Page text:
MS:        Yeah, I think it started off…you see my dad was never very religious growing up. He was the only boy after four older sisters and he was like the Messiah and so, but he was kind of a bad boy, not like a bad, bad boy but like a jazz guy and out late. And he moved here from Winnipeg and he never was interested in his Judaism and ironically you know, he met my mom who was also a jazz aficionado, like a blonde haired non-Jewish girl who liked jazz and that’s how they met. And then obviously they got serious but he knew that, “Okay, now if I’m going to get married I’d better, she’d better convert,” and my mom was actually very open to it because her parents, my grandparents, were very open, amazing people. So she already actually had an affinity for Judaism and what it stood for. So of course she was the boss, my mom, and she created the Jewish house even though my dad would be like, “Are you kidding me, we’re going to keep kosher.”  But of course along the way they got more and more involved and more and more religious. I remember when we joined Beth Israel synagogue, I was probably in Grade 1, and in those days new members got to sit on the bimah [a raised platform in a synagogue] and my dad and I got to sit on the bimah and it was actually one of the most memorable moment of my Jewish life is being so proud to sit in this beautiful and sitting on the bimah.
 
So anyways the first involvement I think my parents had in the Jewish community was probably through the synagogue and they got involved. At one time my dad was president of the Men’s Club, my mom was president of the Sisterhood and I was president of USY [United Synagogue Youth, and then my dad went onto the board of the synagogue and he was involved in JNF [Jewish National Fund] and did a lot of work for the Jewish Family Service Agency. He started the Jewish Film Festival, that was one of his big things, when he was president of the Jewish Festival of the Arts he got the Jewish Film Festival off the ground. So he was very interested in cultural arts and my mom was very involved with the Sisterhood, Women’s League on the regional level and she went to Sisterhood conventions and was very involved in Hadassah. Until the day she died she was doing the books for her Hadassah chapter.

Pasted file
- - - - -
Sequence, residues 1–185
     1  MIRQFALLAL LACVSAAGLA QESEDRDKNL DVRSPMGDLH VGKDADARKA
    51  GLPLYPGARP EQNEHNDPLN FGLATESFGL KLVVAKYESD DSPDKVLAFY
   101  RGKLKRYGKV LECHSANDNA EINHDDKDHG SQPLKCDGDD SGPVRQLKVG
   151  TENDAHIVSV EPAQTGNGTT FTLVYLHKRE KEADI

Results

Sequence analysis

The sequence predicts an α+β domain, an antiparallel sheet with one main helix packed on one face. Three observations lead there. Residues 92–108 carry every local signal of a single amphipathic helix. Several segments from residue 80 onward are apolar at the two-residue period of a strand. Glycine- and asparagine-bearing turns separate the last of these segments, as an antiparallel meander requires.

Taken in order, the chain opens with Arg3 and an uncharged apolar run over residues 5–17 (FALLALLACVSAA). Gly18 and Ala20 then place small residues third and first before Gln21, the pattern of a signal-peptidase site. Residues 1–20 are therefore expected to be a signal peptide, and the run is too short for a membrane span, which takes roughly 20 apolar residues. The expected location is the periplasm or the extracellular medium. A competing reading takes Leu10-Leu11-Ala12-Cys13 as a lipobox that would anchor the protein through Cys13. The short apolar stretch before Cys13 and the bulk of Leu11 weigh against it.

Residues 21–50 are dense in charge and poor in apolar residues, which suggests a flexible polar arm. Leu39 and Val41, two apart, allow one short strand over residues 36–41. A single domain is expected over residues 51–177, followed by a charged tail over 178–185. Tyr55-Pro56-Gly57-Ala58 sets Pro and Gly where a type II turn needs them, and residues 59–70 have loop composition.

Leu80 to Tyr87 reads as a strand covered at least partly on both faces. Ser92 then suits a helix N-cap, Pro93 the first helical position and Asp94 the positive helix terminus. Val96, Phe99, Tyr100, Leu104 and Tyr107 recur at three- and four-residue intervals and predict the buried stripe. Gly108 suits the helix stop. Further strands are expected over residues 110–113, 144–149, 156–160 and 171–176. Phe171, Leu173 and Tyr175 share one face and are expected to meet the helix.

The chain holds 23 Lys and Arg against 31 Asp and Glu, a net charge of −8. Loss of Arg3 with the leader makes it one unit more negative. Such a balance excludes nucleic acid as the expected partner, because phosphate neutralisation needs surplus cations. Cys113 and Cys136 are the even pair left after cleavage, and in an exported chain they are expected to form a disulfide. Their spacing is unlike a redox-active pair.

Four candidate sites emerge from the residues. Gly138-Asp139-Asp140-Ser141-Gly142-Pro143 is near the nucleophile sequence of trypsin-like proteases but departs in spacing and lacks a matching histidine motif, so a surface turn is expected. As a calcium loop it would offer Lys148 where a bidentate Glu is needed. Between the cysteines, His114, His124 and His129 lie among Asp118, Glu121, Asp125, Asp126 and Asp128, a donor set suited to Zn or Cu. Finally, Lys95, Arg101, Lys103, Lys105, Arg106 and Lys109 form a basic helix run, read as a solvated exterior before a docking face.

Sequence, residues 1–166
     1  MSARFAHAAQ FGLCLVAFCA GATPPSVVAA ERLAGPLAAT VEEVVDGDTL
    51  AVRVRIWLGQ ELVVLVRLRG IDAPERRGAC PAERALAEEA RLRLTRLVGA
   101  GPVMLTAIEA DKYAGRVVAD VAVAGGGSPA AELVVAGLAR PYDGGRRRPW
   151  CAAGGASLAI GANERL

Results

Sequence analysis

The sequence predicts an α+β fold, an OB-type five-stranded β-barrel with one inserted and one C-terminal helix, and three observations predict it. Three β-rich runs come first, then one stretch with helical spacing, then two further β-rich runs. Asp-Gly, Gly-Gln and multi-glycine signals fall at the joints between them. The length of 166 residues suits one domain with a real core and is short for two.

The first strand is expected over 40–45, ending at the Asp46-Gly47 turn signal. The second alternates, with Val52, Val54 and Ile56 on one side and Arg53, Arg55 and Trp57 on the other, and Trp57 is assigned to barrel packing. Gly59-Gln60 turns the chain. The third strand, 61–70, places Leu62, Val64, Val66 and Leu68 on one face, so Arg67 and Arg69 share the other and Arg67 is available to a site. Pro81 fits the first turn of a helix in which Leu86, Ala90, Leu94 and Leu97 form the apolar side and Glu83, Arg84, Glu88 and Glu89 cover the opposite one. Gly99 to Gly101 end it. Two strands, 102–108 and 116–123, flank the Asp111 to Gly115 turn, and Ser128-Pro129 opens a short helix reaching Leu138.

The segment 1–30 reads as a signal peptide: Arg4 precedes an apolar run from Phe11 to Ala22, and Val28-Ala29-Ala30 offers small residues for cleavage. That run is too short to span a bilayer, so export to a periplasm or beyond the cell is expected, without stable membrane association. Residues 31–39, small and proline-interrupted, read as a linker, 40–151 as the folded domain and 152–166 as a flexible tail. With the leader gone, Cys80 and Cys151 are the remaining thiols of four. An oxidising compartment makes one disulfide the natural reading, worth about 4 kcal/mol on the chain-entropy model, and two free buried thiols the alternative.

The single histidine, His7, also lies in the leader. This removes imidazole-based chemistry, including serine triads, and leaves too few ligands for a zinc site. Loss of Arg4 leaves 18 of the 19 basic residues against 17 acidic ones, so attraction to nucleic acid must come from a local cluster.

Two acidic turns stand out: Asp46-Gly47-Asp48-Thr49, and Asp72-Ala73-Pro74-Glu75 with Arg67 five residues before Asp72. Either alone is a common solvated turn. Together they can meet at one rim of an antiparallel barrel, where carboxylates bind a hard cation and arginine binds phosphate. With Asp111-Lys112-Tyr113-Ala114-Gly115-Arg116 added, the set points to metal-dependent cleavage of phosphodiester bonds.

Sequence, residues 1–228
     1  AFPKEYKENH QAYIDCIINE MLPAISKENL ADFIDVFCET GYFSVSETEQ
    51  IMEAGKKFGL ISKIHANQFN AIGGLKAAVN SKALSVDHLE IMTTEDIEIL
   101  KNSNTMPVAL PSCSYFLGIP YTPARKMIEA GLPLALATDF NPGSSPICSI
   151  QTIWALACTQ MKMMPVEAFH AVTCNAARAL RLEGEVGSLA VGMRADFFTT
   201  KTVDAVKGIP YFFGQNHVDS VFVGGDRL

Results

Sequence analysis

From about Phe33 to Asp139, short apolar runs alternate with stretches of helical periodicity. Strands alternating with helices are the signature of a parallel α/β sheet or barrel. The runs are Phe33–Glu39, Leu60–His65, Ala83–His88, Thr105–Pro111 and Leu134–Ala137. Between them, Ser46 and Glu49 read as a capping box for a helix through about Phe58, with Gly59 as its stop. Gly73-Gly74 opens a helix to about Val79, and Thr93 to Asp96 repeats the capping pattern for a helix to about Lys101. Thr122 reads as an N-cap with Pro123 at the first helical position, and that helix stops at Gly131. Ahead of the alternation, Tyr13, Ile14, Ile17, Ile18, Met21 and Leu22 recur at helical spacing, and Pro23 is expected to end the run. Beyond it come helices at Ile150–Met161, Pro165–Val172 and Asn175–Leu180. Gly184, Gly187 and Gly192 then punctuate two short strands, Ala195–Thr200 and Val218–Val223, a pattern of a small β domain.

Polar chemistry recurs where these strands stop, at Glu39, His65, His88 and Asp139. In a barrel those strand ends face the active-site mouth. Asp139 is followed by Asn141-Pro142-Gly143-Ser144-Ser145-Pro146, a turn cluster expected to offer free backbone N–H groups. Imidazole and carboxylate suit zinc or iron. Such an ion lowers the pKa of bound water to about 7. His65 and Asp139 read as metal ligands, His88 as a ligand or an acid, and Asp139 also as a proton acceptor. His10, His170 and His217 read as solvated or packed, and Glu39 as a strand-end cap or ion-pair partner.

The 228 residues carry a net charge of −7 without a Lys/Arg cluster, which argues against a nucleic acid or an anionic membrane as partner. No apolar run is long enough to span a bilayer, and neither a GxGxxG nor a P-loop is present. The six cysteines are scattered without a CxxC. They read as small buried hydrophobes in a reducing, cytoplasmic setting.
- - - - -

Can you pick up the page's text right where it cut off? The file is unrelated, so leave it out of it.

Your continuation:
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Posted by jyuhasz